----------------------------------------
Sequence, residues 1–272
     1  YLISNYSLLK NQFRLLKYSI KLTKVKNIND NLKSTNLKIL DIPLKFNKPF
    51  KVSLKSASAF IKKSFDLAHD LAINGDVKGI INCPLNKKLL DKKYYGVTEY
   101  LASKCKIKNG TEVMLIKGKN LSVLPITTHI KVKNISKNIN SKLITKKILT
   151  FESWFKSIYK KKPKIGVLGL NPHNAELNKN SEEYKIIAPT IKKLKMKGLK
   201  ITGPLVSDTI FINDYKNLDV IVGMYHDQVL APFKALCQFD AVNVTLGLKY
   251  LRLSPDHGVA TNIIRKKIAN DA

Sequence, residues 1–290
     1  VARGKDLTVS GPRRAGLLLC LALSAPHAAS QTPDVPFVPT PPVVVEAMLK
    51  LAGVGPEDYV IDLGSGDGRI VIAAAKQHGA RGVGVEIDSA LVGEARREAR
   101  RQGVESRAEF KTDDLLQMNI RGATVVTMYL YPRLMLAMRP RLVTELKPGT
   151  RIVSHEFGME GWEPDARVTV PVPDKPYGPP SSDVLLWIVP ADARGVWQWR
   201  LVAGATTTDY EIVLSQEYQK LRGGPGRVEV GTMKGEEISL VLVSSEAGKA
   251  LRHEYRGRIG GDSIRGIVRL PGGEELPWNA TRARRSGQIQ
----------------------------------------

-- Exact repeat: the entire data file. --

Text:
Sequence, residues 1–272
     1  YLISNYSLLK NQFRLLKYSI KLTKVKNIND NLKSTNLKIL DIPLKFNKPF
    51  KVSLKSASAF IKKSFDLAHD LAINGDVKGI INCPLNKKLL DKKYYGVTEY
   101  LASKCKIKNG TEVMLIKGKN LSVLPITTHI KVKNISKNIN SKLITKKILT
   151  FESWFKSIYK KKPKIGVLGL NPHNAELNKN SEEYKIIAPT IKKLKMKGLK
   201  ITGPLVSDTI FINDYKNLDV IVGMYHDQVL APFKALCQFD AVNVTLGLKY
   251  LRLSPDHGVA TNIIRKKIAN DA

Sequence, residues 1–290
     1  VARGKDLTVS GPRRAGLLLC LALSAPHAAS QTPDVPFVPT PPVVVEAMLK
    51  LAGVGPEDYV IDLGSGDGRI VIAAAKQHGA RGVGVEIDSA LVGEARREAR
   101  RQGVESRAEF KTDDLLQMNI RGATVVTMYL YPRLMLAMRP RLVTELKPGT
   151  RIVSHEFGME GWEPDARVTV PVPDKPYGPP SSDVLLWIVP ADARGVWQWR
   201  LVAGATTTDY EIVLSQEYQK LRGGPGRVEV GTMKGEEISL VLVSSEAGKA
   251  LRHEYRGRIG GDSIRGIVRL PGGEELPWNA TRARRSGQIQ